Not so well! The strange trajectory of Liz Phair's career has been sketched out many times, and here goes once more: Phair moved gradually from early nineties indie queen with Exile in Guyville to the subject of outright derision with 2003's Liz Phair, a glossed-up effort that featured a handful of tracks from the pop radio songwriting team the Matrix, then dipped subtly back into an angry nation's good graces just by reissuing and touring behind Guyville a few years back. And now her new album Funstyle — a surprise release posted directly to her website over this holiday weekend — is pissing people off again. That's mostly thanks to its single, "Bollywood," a super-goofy two and a half minutes in which Phair narrates a sort of explanation of how she ended up composing music for USA's In Plain Sight over a bhangra beat. Or, as the Internet knows it, "the song where Liz Phair raps."
The time has long passed since bashing Liz Phair for not sounding like the Liz Phair of yore was considered clever or fashionable or even remotely necessary, and so instead of lamenting the loss of "Explain It To Me" Liz, let's just focus on this Liz, and this song, which is, well, I don't know what the hell it is. What is this?! Is it a rap? Is it a dance song? Is it a skit? Is someone talking to her? Who is talking? What is happening here?!?
And in a sort of retort, the L.A. Times Ann Powers actually listened to the whole thing and offers a much kinder review.
Whatever form these songs take, they're uniformly inventive and individualistic — Phair's ongoing project of remaking pop's central sounds and stories in her own image. Someday, I'll bet, we'll look back at her whole catalog and see how smart and defiant and insistently herself she always was. "Funstyle" is not quite like any other pop album you'll hear this year. You might think it's terrible. But you shouldn't overlook it.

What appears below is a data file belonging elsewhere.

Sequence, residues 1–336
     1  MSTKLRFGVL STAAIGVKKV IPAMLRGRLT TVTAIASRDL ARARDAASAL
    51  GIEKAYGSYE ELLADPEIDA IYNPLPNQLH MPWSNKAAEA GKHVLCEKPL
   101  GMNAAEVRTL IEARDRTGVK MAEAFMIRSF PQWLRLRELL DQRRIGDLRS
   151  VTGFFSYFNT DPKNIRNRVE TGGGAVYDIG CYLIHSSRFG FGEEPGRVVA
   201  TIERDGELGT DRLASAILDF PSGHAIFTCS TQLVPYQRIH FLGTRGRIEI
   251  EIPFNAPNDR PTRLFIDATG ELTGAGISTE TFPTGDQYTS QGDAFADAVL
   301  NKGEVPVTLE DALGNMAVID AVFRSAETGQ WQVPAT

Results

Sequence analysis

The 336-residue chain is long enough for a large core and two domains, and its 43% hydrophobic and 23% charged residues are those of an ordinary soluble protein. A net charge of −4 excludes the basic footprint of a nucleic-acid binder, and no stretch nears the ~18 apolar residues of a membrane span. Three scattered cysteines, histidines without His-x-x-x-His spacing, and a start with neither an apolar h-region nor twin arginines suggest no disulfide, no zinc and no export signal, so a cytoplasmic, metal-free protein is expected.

So, does Liz Phair deserve a tip of the hat for continuing on doing whatever the hell she wants? Or has she once again stomped all over her loving fans, this time without even the help of Avril Lavigne's songwriters? The one thing Vulture would like to add to the conversation — as you make your decision, please don't be overly influenced by the phrase "Liz Phair raps"; it's really more "talking" than anything, like that song "Detachable Penis," say, or the chatter on Weezer's "Undone (The Sweater Song)." (Also, there's a part on Funstyle's "Smoke" where Phair goes "I don't know John Mayer ... I met him," and it's pretty funny). Okay, here's "Bollywood":